The Last Wave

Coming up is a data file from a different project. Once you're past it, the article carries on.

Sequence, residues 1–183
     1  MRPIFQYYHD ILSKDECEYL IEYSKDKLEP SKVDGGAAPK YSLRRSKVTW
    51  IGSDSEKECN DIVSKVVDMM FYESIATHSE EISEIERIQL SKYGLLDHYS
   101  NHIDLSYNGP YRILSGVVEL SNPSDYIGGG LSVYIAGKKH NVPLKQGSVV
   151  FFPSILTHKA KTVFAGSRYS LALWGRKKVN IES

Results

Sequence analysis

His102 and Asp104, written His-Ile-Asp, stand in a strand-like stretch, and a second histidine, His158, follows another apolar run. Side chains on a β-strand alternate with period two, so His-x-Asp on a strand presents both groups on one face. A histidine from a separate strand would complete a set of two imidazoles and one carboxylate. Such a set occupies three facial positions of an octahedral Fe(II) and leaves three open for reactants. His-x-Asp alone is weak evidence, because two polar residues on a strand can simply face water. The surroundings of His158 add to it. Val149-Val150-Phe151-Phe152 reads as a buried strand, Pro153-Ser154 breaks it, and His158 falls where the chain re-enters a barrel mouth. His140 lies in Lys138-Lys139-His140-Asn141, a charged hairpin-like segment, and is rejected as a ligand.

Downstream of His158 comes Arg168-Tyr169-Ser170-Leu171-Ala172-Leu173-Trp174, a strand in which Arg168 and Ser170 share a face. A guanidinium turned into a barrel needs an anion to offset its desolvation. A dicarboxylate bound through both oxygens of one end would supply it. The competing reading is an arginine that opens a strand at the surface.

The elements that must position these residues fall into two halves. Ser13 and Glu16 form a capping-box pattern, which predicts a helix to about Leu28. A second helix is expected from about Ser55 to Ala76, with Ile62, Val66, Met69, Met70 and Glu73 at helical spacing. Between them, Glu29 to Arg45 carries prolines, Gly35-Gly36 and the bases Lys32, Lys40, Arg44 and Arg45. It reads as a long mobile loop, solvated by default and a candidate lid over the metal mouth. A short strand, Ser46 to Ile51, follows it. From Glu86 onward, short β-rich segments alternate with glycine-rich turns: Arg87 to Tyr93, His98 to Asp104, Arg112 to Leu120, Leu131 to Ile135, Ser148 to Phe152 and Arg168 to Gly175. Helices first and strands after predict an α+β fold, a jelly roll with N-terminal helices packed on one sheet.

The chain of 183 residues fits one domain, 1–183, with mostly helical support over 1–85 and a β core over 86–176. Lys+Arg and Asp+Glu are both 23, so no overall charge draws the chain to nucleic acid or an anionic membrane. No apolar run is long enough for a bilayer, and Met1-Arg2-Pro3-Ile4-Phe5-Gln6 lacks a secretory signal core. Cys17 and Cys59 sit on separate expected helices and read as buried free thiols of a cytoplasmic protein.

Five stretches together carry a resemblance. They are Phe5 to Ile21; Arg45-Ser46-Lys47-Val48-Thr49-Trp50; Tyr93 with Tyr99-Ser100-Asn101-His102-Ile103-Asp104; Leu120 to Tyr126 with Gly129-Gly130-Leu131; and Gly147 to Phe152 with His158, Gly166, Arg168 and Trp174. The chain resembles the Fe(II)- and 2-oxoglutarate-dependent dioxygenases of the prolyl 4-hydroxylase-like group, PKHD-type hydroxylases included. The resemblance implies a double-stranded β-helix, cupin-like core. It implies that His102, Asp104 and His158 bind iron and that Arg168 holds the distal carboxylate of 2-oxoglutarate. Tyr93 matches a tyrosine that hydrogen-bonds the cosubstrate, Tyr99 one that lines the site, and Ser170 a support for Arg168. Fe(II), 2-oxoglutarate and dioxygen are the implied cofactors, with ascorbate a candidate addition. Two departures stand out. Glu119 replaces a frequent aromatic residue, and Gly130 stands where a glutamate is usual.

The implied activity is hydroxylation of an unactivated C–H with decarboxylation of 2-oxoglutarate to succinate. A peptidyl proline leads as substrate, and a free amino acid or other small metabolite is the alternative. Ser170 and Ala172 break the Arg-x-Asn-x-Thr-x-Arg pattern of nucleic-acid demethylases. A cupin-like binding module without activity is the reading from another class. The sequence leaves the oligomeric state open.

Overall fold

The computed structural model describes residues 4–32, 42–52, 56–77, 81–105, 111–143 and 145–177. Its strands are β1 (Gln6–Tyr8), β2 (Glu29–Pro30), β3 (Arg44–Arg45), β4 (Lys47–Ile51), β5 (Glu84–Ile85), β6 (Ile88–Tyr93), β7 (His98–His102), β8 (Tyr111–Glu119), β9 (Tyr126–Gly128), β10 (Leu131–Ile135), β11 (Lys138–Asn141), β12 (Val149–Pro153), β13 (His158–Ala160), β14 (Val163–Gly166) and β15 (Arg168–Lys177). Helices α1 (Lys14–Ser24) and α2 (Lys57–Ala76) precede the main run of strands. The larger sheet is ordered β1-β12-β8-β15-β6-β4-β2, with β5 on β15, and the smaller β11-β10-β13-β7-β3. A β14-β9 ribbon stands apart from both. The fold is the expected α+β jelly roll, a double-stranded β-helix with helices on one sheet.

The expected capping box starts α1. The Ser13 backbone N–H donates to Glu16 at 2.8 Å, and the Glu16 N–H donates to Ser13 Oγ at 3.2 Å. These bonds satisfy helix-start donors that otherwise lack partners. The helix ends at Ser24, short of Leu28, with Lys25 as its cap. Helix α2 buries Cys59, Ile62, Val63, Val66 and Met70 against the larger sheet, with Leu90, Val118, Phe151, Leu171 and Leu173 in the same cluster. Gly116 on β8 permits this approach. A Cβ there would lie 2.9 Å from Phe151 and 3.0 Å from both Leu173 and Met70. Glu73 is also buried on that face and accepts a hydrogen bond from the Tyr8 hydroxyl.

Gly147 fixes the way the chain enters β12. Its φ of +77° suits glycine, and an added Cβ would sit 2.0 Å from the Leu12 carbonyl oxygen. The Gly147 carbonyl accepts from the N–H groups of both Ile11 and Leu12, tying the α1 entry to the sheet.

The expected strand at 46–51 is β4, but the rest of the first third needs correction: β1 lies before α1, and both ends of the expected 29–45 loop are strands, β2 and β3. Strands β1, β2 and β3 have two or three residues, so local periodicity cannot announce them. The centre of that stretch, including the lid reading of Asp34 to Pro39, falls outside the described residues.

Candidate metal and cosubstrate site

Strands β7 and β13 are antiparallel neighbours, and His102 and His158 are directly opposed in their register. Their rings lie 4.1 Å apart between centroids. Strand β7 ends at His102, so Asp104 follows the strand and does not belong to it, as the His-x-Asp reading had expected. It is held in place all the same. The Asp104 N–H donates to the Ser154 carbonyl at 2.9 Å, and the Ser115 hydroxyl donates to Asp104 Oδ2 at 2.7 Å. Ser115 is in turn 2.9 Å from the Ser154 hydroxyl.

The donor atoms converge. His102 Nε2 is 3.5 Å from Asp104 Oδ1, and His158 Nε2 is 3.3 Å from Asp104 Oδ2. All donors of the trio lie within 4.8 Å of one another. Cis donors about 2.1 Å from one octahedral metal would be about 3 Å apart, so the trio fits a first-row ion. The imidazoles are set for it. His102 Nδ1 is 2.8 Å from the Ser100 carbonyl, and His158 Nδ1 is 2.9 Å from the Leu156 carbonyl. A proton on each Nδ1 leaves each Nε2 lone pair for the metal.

Director Peter Weir's output can be divided into two distinct categories: Brilliant, moody extravagances with a touch of the fantastic like Picnic at Hanging Rock, Gallipoli, The Mosquito Coast, and The Year of Living Dangerously, and cliché-ridden trifles that become far better films just because Weir's directing them Witness, Dead Poets Society, Green Card, Fearless, and The Truman Show. His 1977 The Last Wave falls into the first, "brilliant, moody" group. Richard Chamberlain plays David Burton, an uptight Australian tax lawyer who feels compelled to defend a group of Aborigines in a murder trial partly because one of the accused has been turning up in his dreams. After keeping him at a distance, that very same Aborigine (David Gulpilil) eventually leads Burton into an alternate Dream Time of watery apocalyptic visions, giving director Weir a chance to flex his gift for weird imagery and mystical mumbo-jumbo. During the 1980s, The Last Wave was often paired at art-house theaters with The Wicker Man, and the films are, in many ways, very similar: Part mystery, part fantasy ... and part dissertation on the inferiority of "civilized" European culture as embodied by stuffy, white authority figures who receive a spiritual awakening at the hands of their non-Christian guides. Of the two, however, The Last Wave is a technically superior movie, even if Chamberlain's jaw-jutting, iconic portrayal serves to keep us a little bit too removed from the story. The script seems a little muddy at times, and the ending is a bit of a groaner, but Russell Boyd's cinematography is gorgeous making Australia appear almost alien in its stark beauty and Weir wields his usual talent for eerie tension along with his eye for monochrome landscapes. The Criterion Collection treats The Last Wave with the same tender, loving care it lavishes on all of their products: The new anamorphic transfer (1.77:1) is pristine, which may prove startling to those who had previously only seen well-worn reels of the film when it played in the above-mentioned art houses. Audio is in Dolby Digital 5.1, and English subtitles for the hearing impaired are on board. Features include an interview with Weir and the theatrical trailer. Keep-case.